GLOSS Issue 19 DEC 2014-JAN 2015 - Page 28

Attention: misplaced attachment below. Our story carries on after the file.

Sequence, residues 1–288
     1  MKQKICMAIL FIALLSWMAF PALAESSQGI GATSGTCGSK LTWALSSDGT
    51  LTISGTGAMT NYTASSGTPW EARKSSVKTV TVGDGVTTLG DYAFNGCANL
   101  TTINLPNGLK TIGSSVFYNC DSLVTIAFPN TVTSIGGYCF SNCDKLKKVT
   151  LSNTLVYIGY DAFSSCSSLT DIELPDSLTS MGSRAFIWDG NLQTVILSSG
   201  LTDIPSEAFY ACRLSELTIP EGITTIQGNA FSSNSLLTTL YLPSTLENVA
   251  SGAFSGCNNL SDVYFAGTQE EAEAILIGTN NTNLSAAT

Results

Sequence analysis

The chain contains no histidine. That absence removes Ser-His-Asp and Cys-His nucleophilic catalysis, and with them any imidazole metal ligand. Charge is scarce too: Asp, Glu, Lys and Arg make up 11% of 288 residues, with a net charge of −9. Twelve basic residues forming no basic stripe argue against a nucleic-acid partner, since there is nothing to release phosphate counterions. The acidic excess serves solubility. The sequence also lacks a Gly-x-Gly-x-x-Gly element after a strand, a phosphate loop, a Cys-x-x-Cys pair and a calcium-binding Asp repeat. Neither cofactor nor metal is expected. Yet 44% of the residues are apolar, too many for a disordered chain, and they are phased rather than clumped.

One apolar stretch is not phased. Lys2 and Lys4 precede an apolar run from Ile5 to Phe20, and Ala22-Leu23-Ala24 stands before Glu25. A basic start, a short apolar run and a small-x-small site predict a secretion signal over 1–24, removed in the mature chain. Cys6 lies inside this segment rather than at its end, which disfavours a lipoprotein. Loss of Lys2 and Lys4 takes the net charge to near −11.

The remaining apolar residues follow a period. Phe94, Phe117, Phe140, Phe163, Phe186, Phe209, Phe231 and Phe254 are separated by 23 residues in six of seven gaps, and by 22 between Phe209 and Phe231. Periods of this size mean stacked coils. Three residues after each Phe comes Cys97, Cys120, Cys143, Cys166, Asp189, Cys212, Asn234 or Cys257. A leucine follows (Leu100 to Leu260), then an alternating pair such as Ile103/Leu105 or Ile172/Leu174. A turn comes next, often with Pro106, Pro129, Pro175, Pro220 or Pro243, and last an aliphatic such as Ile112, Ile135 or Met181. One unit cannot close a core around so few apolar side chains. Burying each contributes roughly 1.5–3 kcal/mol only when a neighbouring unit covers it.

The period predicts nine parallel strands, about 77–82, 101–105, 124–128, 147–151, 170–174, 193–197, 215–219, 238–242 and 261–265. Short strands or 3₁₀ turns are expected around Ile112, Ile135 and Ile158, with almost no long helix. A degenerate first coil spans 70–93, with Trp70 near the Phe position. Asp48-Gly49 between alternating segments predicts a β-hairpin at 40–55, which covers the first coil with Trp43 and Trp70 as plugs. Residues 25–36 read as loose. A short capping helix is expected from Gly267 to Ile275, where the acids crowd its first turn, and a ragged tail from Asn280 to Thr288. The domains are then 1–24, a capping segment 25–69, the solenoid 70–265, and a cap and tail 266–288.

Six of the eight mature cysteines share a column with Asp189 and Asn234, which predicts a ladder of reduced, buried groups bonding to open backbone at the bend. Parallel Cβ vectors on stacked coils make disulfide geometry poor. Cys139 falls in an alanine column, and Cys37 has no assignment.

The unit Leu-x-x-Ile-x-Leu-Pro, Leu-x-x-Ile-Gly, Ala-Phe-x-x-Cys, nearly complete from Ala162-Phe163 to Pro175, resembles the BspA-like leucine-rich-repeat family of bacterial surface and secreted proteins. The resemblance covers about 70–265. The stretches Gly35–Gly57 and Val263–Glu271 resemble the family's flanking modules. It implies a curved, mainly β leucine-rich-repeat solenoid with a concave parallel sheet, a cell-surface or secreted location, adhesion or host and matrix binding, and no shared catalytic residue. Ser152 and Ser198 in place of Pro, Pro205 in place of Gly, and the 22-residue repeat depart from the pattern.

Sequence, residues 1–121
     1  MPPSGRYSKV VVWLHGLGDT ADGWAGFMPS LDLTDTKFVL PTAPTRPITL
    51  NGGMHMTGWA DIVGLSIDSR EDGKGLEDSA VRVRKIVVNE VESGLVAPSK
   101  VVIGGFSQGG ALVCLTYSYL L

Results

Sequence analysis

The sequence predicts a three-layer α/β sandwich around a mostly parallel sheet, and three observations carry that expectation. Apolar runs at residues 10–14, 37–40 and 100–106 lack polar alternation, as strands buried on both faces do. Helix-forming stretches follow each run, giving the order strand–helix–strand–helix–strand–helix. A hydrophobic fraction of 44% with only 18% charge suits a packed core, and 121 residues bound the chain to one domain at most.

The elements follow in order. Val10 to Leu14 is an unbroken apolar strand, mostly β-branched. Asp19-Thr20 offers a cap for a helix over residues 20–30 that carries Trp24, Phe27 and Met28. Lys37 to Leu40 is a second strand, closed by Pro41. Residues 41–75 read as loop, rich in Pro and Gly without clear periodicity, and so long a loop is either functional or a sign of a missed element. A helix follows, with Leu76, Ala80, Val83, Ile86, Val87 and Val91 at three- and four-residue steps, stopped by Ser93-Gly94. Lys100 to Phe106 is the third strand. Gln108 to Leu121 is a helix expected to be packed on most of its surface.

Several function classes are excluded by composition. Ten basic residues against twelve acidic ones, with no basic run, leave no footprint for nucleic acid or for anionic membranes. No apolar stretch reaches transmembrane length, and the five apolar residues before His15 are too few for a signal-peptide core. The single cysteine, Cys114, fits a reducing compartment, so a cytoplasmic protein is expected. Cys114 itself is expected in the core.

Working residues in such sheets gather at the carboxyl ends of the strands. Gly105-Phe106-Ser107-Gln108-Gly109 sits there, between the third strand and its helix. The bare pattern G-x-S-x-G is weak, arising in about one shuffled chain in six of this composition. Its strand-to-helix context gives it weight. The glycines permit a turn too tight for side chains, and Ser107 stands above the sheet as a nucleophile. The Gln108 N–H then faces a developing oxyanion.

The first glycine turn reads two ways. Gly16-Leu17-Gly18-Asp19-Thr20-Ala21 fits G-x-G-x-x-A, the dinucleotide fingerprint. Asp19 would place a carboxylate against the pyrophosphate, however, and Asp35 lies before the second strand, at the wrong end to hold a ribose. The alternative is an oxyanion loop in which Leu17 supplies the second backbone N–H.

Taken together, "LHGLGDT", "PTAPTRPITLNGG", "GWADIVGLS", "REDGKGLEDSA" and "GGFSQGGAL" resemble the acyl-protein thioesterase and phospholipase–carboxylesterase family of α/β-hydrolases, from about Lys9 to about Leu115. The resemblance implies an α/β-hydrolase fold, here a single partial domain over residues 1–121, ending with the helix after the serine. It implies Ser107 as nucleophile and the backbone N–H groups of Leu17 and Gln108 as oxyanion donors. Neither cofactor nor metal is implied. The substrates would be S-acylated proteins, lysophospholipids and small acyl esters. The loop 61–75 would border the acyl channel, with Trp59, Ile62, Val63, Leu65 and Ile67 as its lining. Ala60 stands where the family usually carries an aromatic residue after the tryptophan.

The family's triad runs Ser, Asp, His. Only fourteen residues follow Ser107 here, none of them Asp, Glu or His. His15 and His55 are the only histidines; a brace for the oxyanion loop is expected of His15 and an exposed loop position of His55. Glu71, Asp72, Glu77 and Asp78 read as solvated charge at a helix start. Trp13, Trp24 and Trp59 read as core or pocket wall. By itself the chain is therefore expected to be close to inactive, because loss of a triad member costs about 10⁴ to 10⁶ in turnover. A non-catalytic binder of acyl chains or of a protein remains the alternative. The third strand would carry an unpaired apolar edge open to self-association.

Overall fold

Succession Planning GET OUT OF THE WAY Chris Allen What does succession planning really mean? As a writer I like to look at the origins of the words when getting to the heart of a topic. In this case, I'm focussing on 'success' as the core component. If we're serious about grooming those who succeed us we need to be evaluating their successes to date and aligning that with the goals and objectives of the organisation. Sometimes the two just don't gel and there's nothing wrong with that. There's great mutual value to be gained from individuals making a specific task or time related contribution to an organisation before moving on. I don't believe in people doggedly clutching to the coat tails of an organisation for life because it's not healthy. Routine becomes the norm which becomes familiarity which becomes a comfort zone which leads to complacency which in turn promotes laziness, minimum effort, cutting corners and so on. Too far? Not really. I've seen it time and again. So I can get back to my soapbox and back on topic, at the centre of this is the responsibility of leadership. The more you advance as a leader the greater your responsibility to futureproof your organisation by establishing a contribution based culture, recognizing the immense value of a diverse, mobile and flexible workforce. In my view, loyalty isn't about the perceived value of those who stay around the longest (in terms of years). It's more about the actual value to be gained by those prepared to give their all for the duration of their tenure no matter how long that may be. So, while we’re busily making our own personal contributions as senior leaders and we’re thinking beyond the horizon on what our leadership legacy should look like, we must consider the organisation’s future and what the leadership model of that future requires to thrive and advance in a sustainable way. In doing so we must also consider our role in developing the leadership culture we all want for Australia. Do we want to maintain the old ways or do we want to play a part in evolving it for future generations? But nurturing and planning the career progression of those who follow us can be unsettling for some. The idea of developing the apprentice to eventually surpass the master is counterintuitive to our basest survival instincts, yet we have an obligation to do it. It’s evolution after all and there’s satisfaction to be derived from the development of others. In fact, I consider this to be a fundamental responsibility of leadership. Obviously there are a few approaches to this. Some may prefer to fashion their protégés in their own image whereas I prefer to surround myself with those who bring different skills to the table. It’s important to enable your developing leaders to challenge you, to let them know they can, so that you’re presented with options you may not have considered. If you’re smart and you’ve chosen wisely then give them opportunities to prove themselves. If they make mistakes here and there, allow them to learn, improve and move on with confidence. The days of shouting and screaming at people are (or should be) long gone. There is no intellect behind a rant or belittling others. It reflects more on the ranter than the rantee. So avoid hanging your charges out to dry by taking the time to debrief, assess, guide and lead. Remember, your capacity for real leadership is reflected in your ability to think strategically - not just looking over the horizon to the next five or ten years but beyond that, futureproofing your organisation well beyond your own tenure. “Surround yourself with the best people you can find, delegate authority, and don’t interfere”. - Ronald Reagan